“What is legal in this world,” the informant responded, laughing loudly. “There is nothing that is legal in this world. Everything has to be illegal. … That’s all this is all about, all Islam is about.”

The meeting continued for several more minutes, and Hossain recounted a historical story about a Muslim who wrote a letter to a Roman emperor, warning the leader that “My soldier love death more than life and your soldier love life more than death.”

Still, moments later, Hossain, in his broken English, said that the story’s meaning was a “clear indication even though enemy we cannot kill them like a coward.”

Many conflicting statements like that are throughout the tape recordings played in federal court this week. Defense attorneys say their clients were misled by the informant that the arms scheme was legal.

But prosecutors contend the pair willingly took part in the phony plot even after the informant warned them the weapon would be used to kill a Pakistani ambassador scheduled to visit Manhattan in early 2004.

Authorities have said they believe Aref associated with known terrorist figures while living in the Middle East and that, like Hossain, he did not walk away from the plot despite allegedly knowing the men were helping launder money made from selling missiles to terrorists.

Still, the surveillance footage played in court Thursday showed that Hossain and Aref insisted the deal be put in writing. At a meeting in December 2003, when the deal was being finalized, they drafted a handwritten document with their names and the terms of the money transactions.

It came during a meeting at which the informant explained that he would eventually give Hossain about $50,000 — mainly in $5,000 cash installments — and in return wanted to be paid back $2,000 a month with checks written to his business from Hossain’s personal checking account. For Hossain’s part, according to the indictment, he was to be paid at least $5,000.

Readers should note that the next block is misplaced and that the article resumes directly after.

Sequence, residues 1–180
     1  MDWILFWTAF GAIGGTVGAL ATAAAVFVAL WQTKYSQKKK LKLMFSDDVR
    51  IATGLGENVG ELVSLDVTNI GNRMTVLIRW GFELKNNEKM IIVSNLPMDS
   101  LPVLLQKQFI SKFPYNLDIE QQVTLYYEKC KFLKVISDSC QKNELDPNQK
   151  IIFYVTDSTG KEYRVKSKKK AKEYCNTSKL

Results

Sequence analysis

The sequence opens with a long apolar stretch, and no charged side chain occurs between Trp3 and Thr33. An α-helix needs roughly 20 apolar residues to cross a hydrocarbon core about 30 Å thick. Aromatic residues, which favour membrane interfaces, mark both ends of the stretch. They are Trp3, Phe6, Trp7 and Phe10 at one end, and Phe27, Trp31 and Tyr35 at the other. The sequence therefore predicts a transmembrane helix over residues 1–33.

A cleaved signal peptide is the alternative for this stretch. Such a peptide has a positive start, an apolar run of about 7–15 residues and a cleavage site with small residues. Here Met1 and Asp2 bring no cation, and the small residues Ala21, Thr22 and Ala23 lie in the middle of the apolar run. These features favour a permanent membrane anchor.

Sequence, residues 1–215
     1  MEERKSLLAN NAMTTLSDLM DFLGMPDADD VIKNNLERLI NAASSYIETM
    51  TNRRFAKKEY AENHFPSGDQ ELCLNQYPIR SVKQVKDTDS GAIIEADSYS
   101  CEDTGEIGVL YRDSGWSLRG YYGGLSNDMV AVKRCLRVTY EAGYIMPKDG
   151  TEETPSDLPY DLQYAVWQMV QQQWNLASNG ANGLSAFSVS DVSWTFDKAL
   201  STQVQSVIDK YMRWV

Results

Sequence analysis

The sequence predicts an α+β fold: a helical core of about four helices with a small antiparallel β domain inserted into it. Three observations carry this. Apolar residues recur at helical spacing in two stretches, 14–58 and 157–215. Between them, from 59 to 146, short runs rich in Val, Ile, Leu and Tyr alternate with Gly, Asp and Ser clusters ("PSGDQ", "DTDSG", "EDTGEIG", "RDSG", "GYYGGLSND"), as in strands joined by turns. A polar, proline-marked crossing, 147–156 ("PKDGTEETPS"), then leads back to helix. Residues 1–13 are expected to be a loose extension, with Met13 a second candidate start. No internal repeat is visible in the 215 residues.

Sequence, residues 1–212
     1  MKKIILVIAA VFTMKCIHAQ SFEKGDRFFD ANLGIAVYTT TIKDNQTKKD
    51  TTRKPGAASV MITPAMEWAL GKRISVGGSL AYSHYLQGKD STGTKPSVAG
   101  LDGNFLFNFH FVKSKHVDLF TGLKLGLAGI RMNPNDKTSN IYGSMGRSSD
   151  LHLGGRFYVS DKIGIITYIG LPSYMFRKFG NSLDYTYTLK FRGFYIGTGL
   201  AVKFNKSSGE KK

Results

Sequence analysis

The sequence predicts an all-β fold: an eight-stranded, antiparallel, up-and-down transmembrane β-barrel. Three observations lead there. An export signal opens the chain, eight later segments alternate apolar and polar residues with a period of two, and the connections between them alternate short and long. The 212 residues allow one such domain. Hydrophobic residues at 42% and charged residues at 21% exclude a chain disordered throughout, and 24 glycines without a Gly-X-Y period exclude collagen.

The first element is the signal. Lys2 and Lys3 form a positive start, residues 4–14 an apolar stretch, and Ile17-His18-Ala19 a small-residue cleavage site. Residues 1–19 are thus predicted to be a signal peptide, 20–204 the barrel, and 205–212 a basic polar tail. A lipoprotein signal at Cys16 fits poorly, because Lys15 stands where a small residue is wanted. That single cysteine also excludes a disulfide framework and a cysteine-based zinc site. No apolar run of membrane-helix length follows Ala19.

Thursday’s testimony was also marked by the heart-wrenching story of a former acquaintance of Aref’s, Mohammed Aziz, a Kurdish refugee who was among thousands of people severely injured in 1988 when Saddam Hussein ordered his troops to drop mustard gas on a Kurdish city near the Iranian border.

Aziz, who now lives in Nashville and is in line for a lifesaving lung transplant, recounted on the stand how the deadly gas caused him to lose his eyesight as it seared his lungs so badly that he needs an oxygen tank at his side at all times to feed him fresh air through the tubes in his nose.

But Aziz’s testimony was not about his hardships or the fact he’d lost 15 family members that day.
Instead, federal prosecutors put him on the stand to recount how he saw Aref working at the Syrian office of a political group, the Islamic Movement for Kurdistan, in 1998 and 1999. At the time, Aziz, like thousands of other Kurdish refugees, used the office to get help with transportation and medical needs at a time Saddam Hussein’s dictatorship and United Nations sanctions prevented them from moving abroad with ease.

Aref’s work there, according to federal authorities, is proof that he lied on a visa application seven years ago about having any connections to political groups. The charge was added to the 27 felony counts that evolved from the sting.

Still, under cross-examination by Aref’s attorney, Terence L. Kindlon, Aziz did not portray the IMK’s three-man office in Damascus as a clearinghouse for terrorist intelligence. (Federal authorities filed a memorandum earlier this year saying a phone number there had been used to gather intelligence for Osama bin Laden.) Instead, Aziz spent much of his time on the stand explaining how the IMK workers there helped refugees, many of whom had no money.

When he first took the stand, Aref jumped to his feet, smiling broadly and waving to Aziz, whose nephew had attended college with Aref in Syria while they both worked at IMK headquarters there.

“Are you in pain,” Kindlon asked Aziz. “Always,” he answered. “I’m not the only one. There are hundreds like me.”

The trial is scheduled to resume today at the U.S. District Courthouse.

Brendan J. Lyons can be reached at 454-5547 or by e-mail at blyons@timesunion.com.